It takes a flight delay of just 64 minutes for holidaymakers to see red, research has revealed. A poll of 1,330 adults, who have travelled abroad in the last year, found 71 percent have had a flight either delayed or cancelled.
Nearly six in ten (58 percent) of these have struggled to find out why their plans have been thrown into turmoil – while 16 percent head straight to social media to bemoan the airlines.
As a result of these hold-ups, 27 percent have missed a connecting flight, while 13 percent have been left out of pocket organising emergency accommodation.
However, 61 percent don’t always feel flight delays or cancellations are explained properly to passengers.
And 45 percent have also been frustrated because they haven’t been informed about how the issues will be resolved.
But 84 percent would be more understanding when it comes to delays or cancellations, if the airlines were transparent about the issues they are encountering.
A spokesman for IBS Software, the travel technology specialist which commissioned the study, said: “Nobody likes hold-ups, and this is especially true when travelling abroad – whether that’s for a holiday, or a work trip.
“It is understandable travellers get frustrated when they feel like their plans – which many have been looking forward to for a considerable amount of time – might be in jeopardy.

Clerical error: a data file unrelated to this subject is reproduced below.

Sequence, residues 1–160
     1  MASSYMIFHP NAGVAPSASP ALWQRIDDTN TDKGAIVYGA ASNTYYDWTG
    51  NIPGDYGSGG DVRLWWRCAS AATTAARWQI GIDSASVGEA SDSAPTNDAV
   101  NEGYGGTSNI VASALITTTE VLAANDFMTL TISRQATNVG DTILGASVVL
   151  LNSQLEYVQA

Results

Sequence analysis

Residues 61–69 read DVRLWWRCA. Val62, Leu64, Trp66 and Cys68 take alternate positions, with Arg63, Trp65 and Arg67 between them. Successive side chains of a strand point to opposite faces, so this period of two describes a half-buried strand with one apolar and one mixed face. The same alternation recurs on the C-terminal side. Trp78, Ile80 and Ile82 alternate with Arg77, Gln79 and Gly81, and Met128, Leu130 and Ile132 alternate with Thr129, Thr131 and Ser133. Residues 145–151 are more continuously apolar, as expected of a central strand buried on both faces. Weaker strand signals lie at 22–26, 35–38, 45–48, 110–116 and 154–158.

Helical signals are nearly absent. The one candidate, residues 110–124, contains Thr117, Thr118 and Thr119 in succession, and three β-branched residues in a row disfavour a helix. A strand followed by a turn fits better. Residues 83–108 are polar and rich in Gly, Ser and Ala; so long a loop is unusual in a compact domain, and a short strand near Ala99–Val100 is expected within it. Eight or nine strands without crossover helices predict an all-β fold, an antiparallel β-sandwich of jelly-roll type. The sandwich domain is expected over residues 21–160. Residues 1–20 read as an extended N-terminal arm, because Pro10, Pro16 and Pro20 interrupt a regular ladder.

“But what this research shows is a significant number would actually be content with the delay, if they were just kept in the loop more effectively.
“Weather, secondary delays and issues are a daily challenge, but the industry can help regain confidence from passengers by using better technology to resolve these delays in minutes, not hours, and communicating with passengers.”
The study also found that at the early organising stages of a trip, 45 percent already worry they will incur problems with their departure time when at the airport.
And 45 percent expect their journey won’t run seamlessly, following many of the issues the travel industry has faced over the last 12 months.
More than half of travellers (53 percent) understand weather conditions are the most common causes for troubles before take-off, and 30 percent put it down to staff shortages.
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But the knock-on impact of long waits has now caused holidaymakers to reconsider the airlines they will fly with next summer – with 18 percent now more likely to opt for a staycation in the UK because of this travel uncertainty.
The poll, conducted via OnePoll.com, also found 64 percent who have experienced delays or cancellations have not received any compensation for the problems they incurred.
But of those who have, 53 percent said it didn’t make up for missing out on the precious holiday time lost.
The IBS Software spokesman added: “This research really highlights the importance the travel industry needs to put on reducing the impact of delays and cancellations – especially the need to communicate clearly with passengers.
“This will have longer term ramifications, with many considering alternative airlines and travel plans altogether.
“Airlines need to rebuild trust with their passengers, and it’s clear better communication can go a long way to repairing this.
“Achieving this means managing flight disruption by giving airlines the insight they need to keep passengers informed – too often, the legacy IT systems many airlines use exacerbate delays.”
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